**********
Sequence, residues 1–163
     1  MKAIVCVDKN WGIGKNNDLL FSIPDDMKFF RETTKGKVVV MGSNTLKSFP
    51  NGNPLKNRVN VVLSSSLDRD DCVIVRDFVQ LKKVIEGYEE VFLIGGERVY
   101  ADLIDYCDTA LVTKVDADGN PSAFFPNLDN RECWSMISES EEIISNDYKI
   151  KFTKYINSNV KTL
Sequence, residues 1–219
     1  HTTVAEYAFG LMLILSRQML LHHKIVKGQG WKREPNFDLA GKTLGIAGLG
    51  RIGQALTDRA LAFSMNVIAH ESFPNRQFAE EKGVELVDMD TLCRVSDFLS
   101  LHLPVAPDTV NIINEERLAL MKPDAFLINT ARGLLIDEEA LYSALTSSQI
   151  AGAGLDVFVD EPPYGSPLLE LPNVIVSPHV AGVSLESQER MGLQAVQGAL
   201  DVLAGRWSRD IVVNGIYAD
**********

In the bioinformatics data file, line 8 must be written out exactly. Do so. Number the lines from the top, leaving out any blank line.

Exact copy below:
    51  RIGQALTDRA LAFSMNVIAH ESFPNRQFAE EKGVELVDMD TLCRVSDFLS